Objectors can only speak at committee if the application is being considered formally by the Planning Committee (see above) and at least ten letters of objection have been received prior to publishing the agenda.
Why is the mast needed?
Under the terms of their government licence, the mobile phone operators have a duty to provide a network covering 80% of the population by 2007. Five UK operators also have licences to provide Third Generation (3G) services, that will allow high quality internet access from cell phones. The increasing number of users and quality of service will require further masts to be provided where the demand is highest, such as in urban areas.
Why can't the antennae be sited on an existing mast in the Borough?
The Council encourages mast sharing where possible. However, it is not always technically feasible to do so, as the existing mast may not be in a suitable location for that particular network. Also, any additional antennae would have to be sited at a higher level than the existing equipment, if part of a separate network. This would make the overall height of the mast much more visually intrusive, which may be unacceptable.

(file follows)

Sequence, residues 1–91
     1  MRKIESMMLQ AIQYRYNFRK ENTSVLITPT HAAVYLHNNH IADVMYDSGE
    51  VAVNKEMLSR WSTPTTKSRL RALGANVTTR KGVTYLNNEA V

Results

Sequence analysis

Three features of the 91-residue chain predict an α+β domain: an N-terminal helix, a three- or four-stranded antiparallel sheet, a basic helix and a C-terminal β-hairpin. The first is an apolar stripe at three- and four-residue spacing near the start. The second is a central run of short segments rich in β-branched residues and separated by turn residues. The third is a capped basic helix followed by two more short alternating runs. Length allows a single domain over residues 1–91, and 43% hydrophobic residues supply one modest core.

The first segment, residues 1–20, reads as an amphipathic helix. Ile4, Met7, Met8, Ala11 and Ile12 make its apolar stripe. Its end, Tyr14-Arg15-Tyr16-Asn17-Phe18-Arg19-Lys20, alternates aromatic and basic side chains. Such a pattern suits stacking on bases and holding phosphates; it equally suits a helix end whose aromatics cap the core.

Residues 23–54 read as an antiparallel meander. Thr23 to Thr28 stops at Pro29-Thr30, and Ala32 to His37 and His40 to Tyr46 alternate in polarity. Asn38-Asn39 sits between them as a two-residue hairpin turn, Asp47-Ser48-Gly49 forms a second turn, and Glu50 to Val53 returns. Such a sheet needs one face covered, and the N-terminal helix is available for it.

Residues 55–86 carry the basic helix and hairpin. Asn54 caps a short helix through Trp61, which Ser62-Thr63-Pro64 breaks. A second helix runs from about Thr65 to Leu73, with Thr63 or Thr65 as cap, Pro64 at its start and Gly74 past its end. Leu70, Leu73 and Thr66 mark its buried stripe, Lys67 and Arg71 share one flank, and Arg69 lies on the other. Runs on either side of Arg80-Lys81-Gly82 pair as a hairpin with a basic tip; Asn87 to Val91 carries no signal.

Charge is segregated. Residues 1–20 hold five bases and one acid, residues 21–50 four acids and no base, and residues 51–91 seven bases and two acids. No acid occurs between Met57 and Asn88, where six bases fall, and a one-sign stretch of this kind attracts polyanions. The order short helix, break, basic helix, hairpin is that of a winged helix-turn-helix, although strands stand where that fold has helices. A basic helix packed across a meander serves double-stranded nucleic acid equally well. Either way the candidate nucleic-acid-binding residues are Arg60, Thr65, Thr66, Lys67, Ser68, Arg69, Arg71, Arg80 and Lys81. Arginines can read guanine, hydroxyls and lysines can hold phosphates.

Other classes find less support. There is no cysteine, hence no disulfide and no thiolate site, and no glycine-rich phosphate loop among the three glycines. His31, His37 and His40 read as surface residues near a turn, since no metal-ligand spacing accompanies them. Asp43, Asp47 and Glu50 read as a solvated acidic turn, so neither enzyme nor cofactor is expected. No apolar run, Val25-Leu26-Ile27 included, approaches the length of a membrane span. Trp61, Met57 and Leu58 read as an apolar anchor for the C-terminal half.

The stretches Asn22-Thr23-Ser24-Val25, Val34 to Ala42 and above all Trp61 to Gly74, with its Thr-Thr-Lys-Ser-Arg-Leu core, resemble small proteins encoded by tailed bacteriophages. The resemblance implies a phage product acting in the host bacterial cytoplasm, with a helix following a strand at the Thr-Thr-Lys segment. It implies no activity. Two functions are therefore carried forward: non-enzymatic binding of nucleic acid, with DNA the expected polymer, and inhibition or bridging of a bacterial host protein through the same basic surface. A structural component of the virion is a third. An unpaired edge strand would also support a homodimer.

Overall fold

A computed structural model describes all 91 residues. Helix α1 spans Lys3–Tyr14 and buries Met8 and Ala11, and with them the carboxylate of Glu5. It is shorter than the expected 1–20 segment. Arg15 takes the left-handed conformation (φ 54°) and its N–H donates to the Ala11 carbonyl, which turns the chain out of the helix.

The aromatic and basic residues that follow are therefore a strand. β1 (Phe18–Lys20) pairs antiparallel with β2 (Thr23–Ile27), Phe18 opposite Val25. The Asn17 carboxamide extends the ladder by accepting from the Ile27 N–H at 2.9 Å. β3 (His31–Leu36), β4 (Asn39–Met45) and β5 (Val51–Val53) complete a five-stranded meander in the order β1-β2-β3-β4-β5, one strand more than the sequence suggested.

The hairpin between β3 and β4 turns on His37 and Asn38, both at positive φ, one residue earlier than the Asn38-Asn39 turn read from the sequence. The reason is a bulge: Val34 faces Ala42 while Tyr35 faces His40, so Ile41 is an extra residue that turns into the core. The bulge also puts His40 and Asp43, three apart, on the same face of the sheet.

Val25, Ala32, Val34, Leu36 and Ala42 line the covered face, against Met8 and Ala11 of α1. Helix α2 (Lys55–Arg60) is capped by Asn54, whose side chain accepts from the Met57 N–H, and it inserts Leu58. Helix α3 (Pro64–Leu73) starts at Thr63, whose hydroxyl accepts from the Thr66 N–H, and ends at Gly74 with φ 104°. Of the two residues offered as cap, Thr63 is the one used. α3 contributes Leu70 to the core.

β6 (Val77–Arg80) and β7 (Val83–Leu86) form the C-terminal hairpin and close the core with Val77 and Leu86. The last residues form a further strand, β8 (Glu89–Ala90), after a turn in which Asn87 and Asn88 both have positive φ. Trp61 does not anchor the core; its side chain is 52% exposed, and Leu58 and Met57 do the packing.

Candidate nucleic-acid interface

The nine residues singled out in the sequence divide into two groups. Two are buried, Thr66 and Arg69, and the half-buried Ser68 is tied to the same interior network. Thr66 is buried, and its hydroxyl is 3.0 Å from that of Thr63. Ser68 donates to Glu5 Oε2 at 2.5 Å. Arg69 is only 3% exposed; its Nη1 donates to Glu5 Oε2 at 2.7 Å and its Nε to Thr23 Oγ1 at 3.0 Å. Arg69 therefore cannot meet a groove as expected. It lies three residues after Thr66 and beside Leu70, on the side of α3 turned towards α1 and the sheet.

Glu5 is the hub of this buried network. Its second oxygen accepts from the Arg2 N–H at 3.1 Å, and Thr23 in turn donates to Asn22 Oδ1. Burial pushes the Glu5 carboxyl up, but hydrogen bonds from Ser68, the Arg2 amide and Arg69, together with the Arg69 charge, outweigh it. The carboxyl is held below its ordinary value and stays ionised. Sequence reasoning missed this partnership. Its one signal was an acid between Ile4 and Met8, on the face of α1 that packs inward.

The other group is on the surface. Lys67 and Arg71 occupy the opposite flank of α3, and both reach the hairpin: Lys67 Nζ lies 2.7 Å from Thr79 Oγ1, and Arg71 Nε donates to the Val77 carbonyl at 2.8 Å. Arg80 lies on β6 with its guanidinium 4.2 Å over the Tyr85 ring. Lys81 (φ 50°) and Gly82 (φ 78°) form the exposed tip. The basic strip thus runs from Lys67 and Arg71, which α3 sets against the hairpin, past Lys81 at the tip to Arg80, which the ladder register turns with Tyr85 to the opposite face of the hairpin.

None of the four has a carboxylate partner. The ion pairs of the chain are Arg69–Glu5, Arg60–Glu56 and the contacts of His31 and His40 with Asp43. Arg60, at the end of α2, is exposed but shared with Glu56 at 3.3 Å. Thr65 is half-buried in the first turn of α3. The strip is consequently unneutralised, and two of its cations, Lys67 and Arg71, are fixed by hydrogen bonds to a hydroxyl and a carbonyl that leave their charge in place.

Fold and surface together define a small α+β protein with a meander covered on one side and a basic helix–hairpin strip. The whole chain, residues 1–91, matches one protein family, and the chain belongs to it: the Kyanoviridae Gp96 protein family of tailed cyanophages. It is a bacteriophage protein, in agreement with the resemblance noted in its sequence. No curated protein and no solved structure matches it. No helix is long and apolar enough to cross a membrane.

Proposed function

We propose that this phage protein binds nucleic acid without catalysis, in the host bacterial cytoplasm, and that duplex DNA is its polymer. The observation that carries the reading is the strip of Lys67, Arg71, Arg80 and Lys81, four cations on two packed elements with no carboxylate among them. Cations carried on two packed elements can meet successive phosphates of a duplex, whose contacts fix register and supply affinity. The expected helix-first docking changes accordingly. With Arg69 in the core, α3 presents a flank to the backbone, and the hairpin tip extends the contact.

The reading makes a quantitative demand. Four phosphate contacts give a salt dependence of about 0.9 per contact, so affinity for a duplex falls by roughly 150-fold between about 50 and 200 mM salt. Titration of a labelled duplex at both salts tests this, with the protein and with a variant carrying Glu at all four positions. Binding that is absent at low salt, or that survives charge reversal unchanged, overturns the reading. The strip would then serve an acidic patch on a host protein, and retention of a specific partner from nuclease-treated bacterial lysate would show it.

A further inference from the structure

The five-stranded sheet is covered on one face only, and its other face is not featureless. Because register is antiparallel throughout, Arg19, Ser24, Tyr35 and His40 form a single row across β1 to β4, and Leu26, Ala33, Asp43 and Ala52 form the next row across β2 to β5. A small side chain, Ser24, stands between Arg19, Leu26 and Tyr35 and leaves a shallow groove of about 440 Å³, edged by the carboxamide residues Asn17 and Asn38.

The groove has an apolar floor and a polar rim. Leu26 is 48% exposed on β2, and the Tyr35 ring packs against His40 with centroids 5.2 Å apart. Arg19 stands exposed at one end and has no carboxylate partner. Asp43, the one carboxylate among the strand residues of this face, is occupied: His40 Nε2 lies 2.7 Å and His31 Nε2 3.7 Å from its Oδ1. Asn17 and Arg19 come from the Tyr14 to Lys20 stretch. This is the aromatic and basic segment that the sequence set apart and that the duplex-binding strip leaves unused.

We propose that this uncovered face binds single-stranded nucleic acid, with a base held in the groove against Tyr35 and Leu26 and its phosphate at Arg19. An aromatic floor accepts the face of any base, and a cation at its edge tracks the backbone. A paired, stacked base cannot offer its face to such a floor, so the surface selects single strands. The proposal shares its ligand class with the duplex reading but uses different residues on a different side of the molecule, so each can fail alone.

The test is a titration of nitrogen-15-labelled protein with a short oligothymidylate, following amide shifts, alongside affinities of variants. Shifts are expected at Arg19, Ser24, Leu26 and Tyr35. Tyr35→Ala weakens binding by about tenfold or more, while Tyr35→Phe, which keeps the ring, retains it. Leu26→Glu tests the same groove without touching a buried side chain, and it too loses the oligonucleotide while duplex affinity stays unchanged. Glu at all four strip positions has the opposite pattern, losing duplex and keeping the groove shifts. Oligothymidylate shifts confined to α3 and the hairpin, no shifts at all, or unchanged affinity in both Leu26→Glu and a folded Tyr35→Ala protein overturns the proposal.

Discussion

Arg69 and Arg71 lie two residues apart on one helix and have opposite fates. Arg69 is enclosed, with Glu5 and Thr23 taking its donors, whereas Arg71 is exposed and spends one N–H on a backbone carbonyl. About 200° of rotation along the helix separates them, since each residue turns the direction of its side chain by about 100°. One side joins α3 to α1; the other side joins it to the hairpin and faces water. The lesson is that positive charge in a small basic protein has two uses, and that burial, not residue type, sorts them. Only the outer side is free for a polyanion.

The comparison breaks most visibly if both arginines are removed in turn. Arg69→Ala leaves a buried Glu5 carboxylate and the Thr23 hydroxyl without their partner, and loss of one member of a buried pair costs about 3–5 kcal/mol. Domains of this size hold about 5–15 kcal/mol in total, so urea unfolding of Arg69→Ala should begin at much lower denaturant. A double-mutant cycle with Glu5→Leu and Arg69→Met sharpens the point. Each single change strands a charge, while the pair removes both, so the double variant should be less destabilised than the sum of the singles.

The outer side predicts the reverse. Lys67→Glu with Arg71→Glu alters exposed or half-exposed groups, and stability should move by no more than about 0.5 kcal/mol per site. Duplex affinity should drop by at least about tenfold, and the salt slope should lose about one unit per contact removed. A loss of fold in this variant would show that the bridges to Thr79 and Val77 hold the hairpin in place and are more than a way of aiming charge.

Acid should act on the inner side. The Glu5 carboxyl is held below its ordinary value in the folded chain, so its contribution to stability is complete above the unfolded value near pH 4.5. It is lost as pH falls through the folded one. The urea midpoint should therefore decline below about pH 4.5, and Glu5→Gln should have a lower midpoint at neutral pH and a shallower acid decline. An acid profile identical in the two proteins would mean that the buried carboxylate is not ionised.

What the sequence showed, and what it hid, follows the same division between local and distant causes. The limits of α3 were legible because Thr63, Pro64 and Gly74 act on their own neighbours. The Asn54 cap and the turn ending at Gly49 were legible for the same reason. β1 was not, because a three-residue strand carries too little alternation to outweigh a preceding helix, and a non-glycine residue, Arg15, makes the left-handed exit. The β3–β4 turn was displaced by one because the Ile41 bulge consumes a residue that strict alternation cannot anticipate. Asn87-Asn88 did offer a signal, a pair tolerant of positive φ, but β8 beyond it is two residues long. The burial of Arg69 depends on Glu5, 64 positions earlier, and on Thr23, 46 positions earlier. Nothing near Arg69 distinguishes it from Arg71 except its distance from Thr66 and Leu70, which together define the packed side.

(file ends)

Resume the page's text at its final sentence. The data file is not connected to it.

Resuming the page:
Why can't the mast be screened by trees?
Radio broadcasts between base stations need to follow a clear line of sight to provide a clear signal for them to operate efficiently and this will be affected if obscured by trees.
Why can't the mast be sited away from the residential area?
Masts need to be located where the demand for services is greatest, which will inevitably mean more masts located within urban areas where more people live, rather than areas where few people live, such as in the countryside.
Are masts a health hazard?
The Stewart Report concluded that "The balance of evidence indicates that there is no general risk to the health of people living near to base stations, on the basis that exposures are expected to be small fractions of the guidelines. However, there can be indirect adverse effects on their well-being in some cases."
The National Planning Policy Framework (Section 5 Supporting high quality communications infrastructure) sets out the Government's view on public health and telecommunications masts. Local planning authorities must determine applications on planning grounds. They should not determine health safeguards if the proposal meets International Commission guidelines for public exposure.